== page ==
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Isnin, Mei 20, 2013

Solar Powered Automatic Lawn Mower


Solar Powered Automatic Lawn Mower 
“Lawn Buddy” 

December 9, 2009 



Appendix
Figure 1 - System Block Diagram
Figure 2 - Preliminary Design
Figure 3 - Three Axis Micromachined Accelerometer
Figure 4 - PIR Motion Sensor
Figure 5 - High Performance Sonar Module
Figure 6 - Low Pass Filter
Figure 7 - Humidity Sensor
Figure 8 - Plot of Relative humidity versus output voltage.
Figure 9 - Quadruple Half-Driver
Figure 10 - Bi-directional motor control with L293DNE
Figure 11 - Logic table for L293DNE.
Figure 12 - Battery NiMH
Figure 13 - Solar Panel
Figure 14 - ATmega16 Microcontroller
Figure 15 - Spiral cutting pattern
Figure 16 - Random cutting pattern
Figure 17 - S.P.A.L.M. Schematic.
Figure 18 - Two PWM Signals
Figure 19 - Testing PWM
Figure 20 – Program code
Figure 21 – Profile pictures of Lawn Buddy




Overview
Features: 

  • • Three safety sensors 
    • o PIR Sensor (Human detection) 
    • o Ultrasonic Sensor (Object detection) 
    • o Accelerometer (prevents lawn operations while being held) 
  • • Mulching cutting system 
    • o Cuts grass into tiny pieces that will later fertilize the lawn 
  • • Solar powered 
  • • “Plug and Cut” Design 
    • o No installation required 

Benefits: 

  • • Zero emissions 
  • • Helps reduce the 5% of the U.S. pollution caused by gas powered lawn mowers 
  • • Will not show up on electrical bill 






Description



This project is an autonomous lawn mower that will allow the user to the ability to cut their grass with minimal effort. Unlike other robotic lawn mowers on the market, this design requires no perimeter wires to maintain the robot within the lawn. Through an array of sensors, this robot will not only stay on the lawn, it will avoid and detect objects and humans. This design is still in the prototype stage due to financial and time constraints. Documentation includes all major design aspects. This project will continue in hopes to market the design.




Introduction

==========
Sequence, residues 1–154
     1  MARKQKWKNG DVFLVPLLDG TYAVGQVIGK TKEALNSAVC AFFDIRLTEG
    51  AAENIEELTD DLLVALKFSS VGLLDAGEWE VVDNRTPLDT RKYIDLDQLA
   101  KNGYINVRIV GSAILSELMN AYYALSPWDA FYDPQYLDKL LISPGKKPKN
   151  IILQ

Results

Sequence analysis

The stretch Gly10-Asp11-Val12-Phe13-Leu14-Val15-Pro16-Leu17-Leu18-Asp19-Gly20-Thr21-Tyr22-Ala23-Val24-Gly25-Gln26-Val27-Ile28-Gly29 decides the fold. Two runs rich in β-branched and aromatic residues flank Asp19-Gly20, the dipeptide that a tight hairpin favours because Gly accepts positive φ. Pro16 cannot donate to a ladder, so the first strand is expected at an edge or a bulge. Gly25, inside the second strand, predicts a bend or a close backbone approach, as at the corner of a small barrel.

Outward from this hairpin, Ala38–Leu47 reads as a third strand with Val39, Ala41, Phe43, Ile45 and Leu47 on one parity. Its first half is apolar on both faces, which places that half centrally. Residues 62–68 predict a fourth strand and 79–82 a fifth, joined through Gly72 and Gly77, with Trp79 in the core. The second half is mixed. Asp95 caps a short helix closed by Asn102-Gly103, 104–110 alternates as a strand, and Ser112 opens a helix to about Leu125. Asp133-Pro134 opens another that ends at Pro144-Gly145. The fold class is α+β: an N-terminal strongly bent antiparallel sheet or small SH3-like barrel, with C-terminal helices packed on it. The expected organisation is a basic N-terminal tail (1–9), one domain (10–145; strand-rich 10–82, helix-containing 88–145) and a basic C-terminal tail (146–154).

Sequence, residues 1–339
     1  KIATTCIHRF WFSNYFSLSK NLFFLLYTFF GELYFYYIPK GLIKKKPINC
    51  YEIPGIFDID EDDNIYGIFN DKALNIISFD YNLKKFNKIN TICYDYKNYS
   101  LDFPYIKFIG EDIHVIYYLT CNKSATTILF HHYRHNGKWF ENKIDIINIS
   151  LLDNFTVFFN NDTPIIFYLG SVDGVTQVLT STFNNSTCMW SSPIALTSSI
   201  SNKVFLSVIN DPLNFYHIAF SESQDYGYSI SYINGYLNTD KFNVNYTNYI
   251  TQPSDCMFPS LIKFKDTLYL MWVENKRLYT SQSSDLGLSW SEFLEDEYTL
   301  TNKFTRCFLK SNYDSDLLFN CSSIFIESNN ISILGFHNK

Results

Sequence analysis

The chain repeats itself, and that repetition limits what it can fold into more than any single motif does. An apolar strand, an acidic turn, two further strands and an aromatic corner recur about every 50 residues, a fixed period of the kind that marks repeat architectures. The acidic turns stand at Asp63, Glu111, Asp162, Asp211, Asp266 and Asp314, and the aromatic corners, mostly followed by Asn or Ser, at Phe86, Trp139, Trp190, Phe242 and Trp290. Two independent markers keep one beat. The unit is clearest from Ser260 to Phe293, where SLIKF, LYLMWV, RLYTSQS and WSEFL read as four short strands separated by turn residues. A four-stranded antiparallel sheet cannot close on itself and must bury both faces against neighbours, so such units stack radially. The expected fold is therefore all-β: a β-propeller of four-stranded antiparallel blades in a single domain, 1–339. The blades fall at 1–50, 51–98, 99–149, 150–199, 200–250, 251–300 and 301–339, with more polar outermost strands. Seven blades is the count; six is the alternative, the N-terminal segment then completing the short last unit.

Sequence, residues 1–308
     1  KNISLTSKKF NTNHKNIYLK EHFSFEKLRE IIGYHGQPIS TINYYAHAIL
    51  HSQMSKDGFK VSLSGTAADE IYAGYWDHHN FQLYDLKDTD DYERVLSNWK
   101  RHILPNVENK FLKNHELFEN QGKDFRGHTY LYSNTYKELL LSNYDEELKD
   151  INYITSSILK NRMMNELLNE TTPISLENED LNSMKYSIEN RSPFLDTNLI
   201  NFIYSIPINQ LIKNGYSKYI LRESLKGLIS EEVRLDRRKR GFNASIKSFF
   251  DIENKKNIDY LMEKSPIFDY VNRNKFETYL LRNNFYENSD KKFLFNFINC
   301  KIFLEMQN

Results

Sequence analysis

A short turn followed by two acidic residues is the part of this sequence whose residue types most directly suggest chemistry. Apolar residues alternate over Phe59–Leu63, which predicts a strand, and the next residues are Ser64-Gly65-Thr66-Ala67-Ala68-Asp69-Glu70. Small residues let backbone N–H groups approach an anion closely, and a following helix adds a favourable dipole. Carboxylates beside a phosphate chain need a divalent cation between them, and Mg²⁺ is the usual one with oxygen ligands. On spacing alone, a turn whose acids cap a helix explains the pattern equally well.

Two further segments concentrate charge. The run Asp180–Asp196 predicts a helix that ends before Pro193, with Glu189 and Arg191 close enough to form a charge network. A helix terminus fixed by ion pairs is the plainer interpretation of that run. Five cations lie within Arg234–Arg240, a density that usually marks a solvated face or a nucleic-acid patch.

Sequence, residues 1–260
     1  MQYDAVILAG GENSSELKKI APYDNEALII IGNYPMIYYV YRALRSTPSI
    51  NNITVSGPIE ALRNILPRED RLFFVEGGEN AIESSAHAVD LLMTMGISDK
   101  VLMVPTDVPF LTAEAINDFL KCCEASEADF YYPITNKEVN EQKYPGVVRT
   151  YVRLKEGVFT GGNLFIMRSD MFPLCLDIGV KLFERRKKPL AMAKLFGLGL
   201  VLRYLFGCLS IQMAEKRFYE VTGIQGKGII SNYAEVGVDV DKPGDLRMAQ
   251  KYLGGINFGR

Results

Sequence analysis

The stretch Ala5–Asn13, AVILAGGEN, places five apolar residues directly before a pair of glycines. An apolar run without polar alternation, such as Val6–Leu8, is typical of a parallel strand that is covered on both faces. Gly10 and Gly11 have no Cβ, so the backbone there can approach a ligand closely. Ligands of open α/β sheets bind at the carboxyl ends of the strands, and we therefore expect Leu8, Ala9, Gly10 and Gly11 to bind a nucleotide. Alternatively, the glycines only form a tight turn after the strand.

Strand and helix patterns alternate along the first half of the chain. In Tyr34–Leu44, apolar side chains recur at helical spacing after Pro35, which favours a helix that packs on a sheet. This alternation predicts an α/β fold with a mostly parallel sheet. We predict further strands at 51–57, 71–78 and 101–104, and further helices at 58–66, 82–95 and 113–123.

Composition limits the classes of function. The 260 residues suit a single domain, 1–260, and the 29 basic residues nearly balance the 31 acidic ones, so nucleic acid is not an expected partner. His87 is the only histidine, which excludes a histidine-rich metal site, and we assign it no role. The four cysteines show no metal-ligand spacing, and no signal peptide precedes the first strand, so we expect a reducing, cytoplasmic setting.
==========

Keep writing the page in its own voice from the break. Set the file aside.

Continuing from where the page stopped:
In the time where technology is merging with environmental awareness, consumers are looking for ways to contribute to the relief of their own carbon footprints. Pollution is man made and can be seen in our own daily lives, more specifically in our own homes. Gas powered lawn mower are in 90% of U.S. home and they create 5% of the total U.S. pollution. Green technology initiatives are being support by both the government and cooperates business. Our new design for an old and outdated habit will help both the consumer and the environment.

This project of a solar powered automatic lawn mower will relieve the consumer from mowing their own lawns and will reduce both environmental and noise pollution. This design is meant to be an alternate green option to the popular and environmentally hazardous gas powered lawn mower. Ultimately, the consumer will be doing more for the environment while doing less work in their daily lives. The hope is to keep working on this project until a suitable design can be implemented and then be ultimately placed on the market.




Overview

This design contains a microcontroller, multiple sensors, and a solar charging system.  Adding these elements together, we get our robotic lawn mower. The sensors are the eyes of our robot. The goal was to let our robot see the difference between grass and concrete while monitoring its surroundings continuously. Initially, we had an idea what type of sensors we wanted to use. Our robot needed to detect if it was on grass versus on concrete and we decided to use a humidity sensor. Since concrete/dirt and grass are distinctively different in density and moisture levels, the humidity was a good factor to distinguish both materials. In addition to sensing humidity, we wanted object detection; both humans and objects. In which case, we went with using a passive infra red sensor to detect the heat radiation from humans and an ultrasonic sensor to detect if the robot was heading into an object. Safety is the main concern when designing a robot with blades. We wanted our robot not to start operating if it was being held in the air by the user. Knowing that the user would be randomly holding the robot we needed a sensor to detect orientation. The accelerometer was thought of being used because it can detect its orientation based on pre calibrated axis orientation. The power the system there are many options. With recharging batteries, there are various chemistries but we decided to go with the one that work best with solar charging. The nickel-metal hydride (NiMH) was found to be the best because given a low charging current, it will not over charge. Sizing the battery will depend on what we are powering, specifically the motors. Like batteries, there is a range of motors to choose from. We went with two 7.2 DC motors with integrated gear heads. The needed torque did not need to be a lot because we were going to have a small prototype. These motors have 100 oz-in torque which is plenty for our design. The block diagram of our design is shown in figure 1.